New Jersey Attorney General Announces Governor’s Appointment of Paul Rodriguez as Director of New Jersey Division of Consumer Affairs
- New Jersey AG Grewal announced that New Jersey Governor Phil Murphy will nominate Paul Rodriguez to serve as the director of the Office of the Attorney General’s Division of Consumer Affairs. Rodriguez will replace current Acting Director Kevin Jespersen.
- Rodriguez previously served as Acting Counsel to New York City Mayor Bill de Blasio and prior to that worked in the New York City office of an international law firm.
- The New Jersey Division of Consumer Affairs is tasked with protecting consumers’ rights, regulating the securities industry, and overseeing various state professional boards in New Jersey. AG Grewal’s announcement touts Rodriguez’s selection as Division Director as an effort to “fill the void left by the Trump Administration’s pullback of the Consumer Financial Protection Bureau (CFPB)” and as part of the effort to fulfil Governor Murphy’s promise to “create a ‘state-level CFPB’ in New Jersey.”
State v. Federal
Coalition of 17 Democratic Attorneys General Files Motion to Intervene in Republican AGs’ and Governors’ Lawsuit Seeking Declaration that Affordable Care Act Is Unconstitutional
- A coalition of 17 Democratic AGs, led by California AG Xavier Becerra, moved to intervene as defendants in a federal lawsuit, Texas v. United States, No. 4:18-cv-00167-O, which seeks to challenge the constitutionality of the Affordable Care Act (“ACA”).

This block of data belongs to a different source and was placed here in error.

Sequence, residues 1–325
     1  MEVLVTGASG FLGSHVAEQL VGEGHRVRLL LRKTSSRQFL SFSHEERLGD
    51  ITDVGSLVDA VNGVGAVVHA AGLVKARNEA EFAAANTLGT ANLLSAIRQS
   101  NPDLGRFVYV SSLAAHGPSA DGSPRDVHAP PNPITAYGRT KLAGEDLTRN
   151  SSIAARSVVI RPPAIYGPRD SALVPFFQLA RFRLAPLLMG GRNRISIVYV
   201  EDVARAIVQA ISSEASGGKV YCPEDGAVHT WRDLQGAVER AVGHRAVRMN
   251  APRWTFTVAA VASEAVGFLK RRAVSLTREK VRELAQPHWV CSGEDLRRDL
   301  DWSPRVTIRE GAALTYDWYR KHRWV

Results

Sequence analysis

- As previously reported, the underlying lawsuit was filed earlier this year by a coalition of 20 Republican AGs and Governors in the U.S. District Court for the Northern District of Texas and seeks a declaration that the ACA is unconstitutional in light of a 2017 federal legislative amendment that, according to the Republican AGs and Governors, eliminated the sole constitutional basis for the ACA as recognized by the U.S. Supreme Court in NFIB v. Sebelius, 567 U.S. 519 (2012): the tax penalty for failing to maintain minimum essential health insurance.
- According to the Democratic AGs’ motion, they seek to intervene as defendants because the lawsuit threatens to harm their states by depriving them of billions of dollars of health care funding and “dismantl[ing]” the U.S. health care system.